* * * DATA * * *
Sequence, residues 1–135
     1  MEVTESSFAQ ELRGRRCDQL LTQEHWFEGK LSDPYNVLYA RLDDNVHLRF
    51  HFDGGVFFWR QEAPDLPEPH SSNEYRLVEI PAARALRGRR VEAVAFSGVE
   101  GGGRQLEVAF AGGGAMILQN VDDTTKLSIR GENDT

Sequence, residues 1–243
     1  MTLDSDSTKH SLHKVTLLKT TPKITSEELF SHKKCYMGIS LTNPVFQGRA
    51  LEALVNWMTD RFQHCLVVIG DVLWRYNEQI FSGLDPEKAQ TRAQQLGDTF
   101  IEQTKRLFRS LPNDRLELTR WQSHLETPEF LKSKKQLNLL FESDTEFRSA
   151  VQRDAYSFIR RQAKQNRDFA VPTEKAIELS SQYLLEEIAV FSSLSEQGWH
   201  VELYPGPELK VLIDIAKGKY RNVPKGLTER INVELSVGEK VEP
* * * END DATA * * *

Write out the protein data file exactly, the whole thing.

Sequence, residues 1–135
     1  MEVTESSFAQ ELRGRRCDQL LTQEHWFEGK LSDPYNVLYA RLDDNVHLRF
    51  HFDGGVFFWR QEAPDLPEPH SSNEYRLVEI PAARALRGRR VEAVAFSGVE
   101  GGGRQLEVAF AGGGAMILQN VDDTTKLSIR GENDT

Sequence, residues 1–243
     1  MTLDSDSTKH SLHKVTLLKT TPKITSEELF SHKKCYMGIS LTNPVFQGRA
    51  LEALVNWMTD RFQHCLVVIG DVLWRYNEQI FSGLDPEKAQ TRAQQLGDTF
   101  IEQTKRLFRS LPNDRLELTR WQSHLETPEF LKSKKQLNLL FESDTEFRSA
   151  VQRDAYSFIR RQAKQNRDFA VPTEKAIELS SQYLLEEIAV FSSLSEQGWH
   201  VELYPGPELK VLIDIAKGKY RNVPKGLTER INVELSVGEK VEP